“Without the common assessments we wouldn't know where our students are standing throughout the school year and what we need to do to get them to where they need to be,” says McPherson, “The common assessments just open our eyes much earlier than if we waited until the ACT Aspire at the end of the year.”

Teachers share goals, strengths and areas for improvement with students as well. This transparency gives students ownership of their learning and motivates them to do their best. If students demonstrate standards proficiency on their assessments, designated remediation time becomes free time where they can choose to do art or read. Otherwise, students spend the remediation period working on understanding and mastering the standards.

Paragould's Edulastic Journey (Source: Edulastic)

Maintaining Focus Across the District

District and school administrators had to continually work to stay focused on the goal. For example, even though everyone has access to the same information from Edulastic reports, school leaders regularly present their data at district meetings. “It’s important for everyone to understand the data,” McGowan says.

Live Class Board (Source: Edulastic)

Edulastic reports come directly from the custom assessments. The data is visible to both teachers and district leaders to help them efficiently track where more support is needed. In the classroom, teachers can use performance reports to adjust instruction in real time and use in-depth, standards-based reports to track mastery over time.

Mastery Gradebook Report (Source: Edulastic)

Edulastic integrated directly with the district’s other technology to keep reporting on track. Paragould leveraged Google Classroom and G Suite for Education for collaboration amongst teachers, communication with students and parents and overall task organization.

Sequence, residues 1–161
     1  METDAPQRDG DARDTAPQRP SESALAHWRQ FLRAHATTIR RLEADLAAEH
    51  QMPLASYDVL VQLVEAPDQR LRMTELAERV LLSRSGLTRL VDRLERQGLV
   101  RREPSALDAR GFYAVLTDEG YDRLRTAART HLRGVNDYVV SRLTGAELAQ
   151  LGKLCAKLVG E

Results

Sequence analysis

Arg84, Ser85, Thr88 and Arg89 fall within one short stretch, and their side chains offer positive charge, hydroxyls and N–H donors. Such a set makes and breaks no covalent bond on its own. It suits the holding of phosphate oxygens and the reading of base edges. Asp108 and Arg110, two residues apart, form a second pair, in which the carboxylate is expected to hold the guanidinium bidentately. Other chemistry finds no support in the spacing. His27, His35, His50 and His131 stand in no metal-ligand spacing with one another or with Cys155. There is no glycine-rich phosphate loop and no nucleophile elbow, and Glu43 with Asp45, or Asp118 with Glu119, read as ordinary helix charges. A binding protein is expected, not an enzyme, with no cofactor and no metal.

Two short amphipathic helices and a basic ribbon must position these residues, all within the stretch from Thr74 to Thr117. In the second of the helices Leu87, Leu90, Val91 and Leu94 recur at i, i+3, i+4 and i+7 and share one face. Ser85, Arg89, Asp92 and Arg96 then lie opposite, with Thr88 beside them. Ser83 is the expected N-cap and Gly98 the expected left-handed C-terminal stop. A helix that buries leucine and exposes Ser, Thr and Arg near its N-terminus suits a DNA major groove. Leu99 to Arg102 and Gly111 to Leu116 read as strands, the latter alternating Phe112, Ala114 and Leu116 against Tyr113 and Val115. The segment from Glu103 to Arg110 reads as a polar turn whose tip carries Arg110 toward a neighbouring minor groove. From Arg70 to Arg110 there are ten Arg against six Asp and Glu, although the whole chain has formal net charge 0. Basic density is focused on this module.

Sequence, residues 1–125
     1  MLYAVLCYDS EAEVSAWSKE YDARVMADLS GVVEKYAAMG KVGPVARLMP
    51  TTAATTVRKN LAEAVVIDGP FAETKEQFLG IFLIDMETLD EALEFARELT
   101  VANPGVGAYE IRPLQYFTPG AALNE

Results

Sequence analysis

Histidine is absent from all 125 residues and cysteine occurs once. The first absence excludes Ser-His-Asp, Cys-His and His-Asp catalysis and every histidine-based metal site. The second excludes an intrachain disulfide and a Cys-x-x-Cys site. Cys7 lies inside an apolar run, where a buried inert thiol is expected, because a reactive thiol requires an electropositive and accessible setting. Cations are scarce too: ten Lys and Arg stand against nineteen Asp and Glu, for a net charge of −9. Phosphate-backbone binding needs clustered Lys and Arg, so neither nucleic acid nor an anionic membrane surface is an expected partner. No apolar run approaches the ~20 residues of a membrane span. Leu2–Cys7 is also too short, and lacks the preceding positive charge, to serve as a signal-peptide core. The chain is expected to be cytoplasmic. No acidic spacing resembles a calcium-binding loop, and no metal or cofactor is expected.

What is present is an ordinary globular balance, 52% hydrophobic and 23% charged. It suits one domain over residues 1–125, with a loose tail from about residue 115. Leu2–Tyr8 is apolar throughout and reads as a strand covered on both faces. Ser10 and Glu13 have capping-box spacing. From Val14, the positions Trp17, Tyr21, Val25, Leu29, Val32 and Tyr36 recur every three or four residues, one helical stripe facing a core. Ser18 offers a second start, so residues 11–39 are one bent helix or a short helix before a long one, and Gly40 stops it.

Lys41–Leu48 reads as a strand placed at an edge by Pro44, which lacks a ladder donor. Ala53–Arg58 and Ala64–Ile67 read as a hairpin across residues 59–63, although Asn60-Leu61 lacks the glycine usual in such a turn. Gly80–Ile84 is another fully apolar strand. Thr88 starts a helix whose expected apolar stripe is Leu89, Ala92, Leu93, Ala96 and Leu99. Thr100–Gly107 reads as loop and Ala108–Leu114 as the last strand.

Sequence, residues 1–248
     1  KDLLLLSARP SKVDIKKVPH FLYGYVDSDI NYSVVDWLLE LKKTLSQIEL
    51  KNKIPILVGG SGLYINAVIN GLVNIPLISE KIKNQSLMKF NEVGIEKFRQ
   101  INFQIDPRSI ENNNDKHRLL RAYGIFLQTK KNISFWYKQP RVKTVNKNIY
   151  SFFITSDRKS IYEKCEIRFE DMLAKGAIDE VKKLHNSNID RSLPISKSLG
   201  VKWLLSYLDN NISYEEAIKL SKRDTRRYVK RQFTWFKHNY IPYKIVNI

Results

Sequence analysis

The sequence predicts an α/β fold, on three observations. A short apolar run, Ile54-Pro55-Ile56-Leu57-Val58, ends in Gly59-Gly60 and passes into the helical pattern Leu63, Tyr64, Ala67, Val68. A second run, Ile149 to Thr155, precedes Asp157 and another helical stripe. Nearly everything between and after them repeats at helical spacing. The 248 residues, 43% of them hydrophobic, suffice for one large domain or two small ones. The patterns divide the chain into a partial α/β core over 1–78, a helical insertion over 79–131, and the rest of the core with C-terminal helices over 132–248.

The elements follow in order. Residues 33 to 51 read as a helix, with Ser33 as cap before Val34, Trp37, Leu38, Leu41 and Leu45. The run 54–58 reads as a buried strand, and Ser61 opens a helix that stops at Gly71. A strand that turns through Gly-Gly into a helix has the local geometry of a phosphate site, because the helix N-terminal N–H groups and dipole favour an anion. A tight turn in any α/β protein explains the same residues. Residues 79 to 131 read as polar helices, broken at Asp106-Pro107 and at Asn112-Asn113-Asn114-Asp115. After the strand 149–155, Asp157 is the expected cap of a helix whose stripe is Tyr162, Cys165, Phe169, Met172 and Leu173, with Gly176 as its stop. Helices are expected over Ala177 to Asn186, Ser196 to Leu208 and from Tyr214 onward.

Single Assessment Report (Source: Edulastic)

“With all of our technology, we can ensure that all students are successful no matter which classroom they’re in,” says Assistant Superintendent Nick Jankoviak. “With a wealth of academic data, we can have intense conversation.”

Reaping the Benefits

In 2018 and 2019, the district outpaced growth in the state.

ACT Aspire Data (Source: Paragould School District)

These results exemplify the overall upward trend in Paragould’s test scores:

  • Paragould Junior High School was number one in math and received a “Beating the Odds” award—recognizing the extraordinary growth of their socioeconomically-disadvantaged students—two years in a row.
  • With a dramatic improvement of 18 points in math, the 8th grade moved above the state average.
  • Oak Grove Middle School was number three in literacy and math combined.

ACT Aspire Data (Source: Paragould School District)

This success has started to change the culture in the district, adding momentum to the upward learning trajectory. “Any time your test scores go up, and any time you start seeing success, it changes the culture of the building,” McGowan says. “We’ve seen that in two or three of our buildings so far. Teachers are wanting to push the kids a little bit further because they want to keep getting better.”

Jankoviak hopes other districts can replicate Paragould’s success. “It takes hard work, but you know, when we buckle down and work together we can get it done. We are doing that, and we are proud of it.”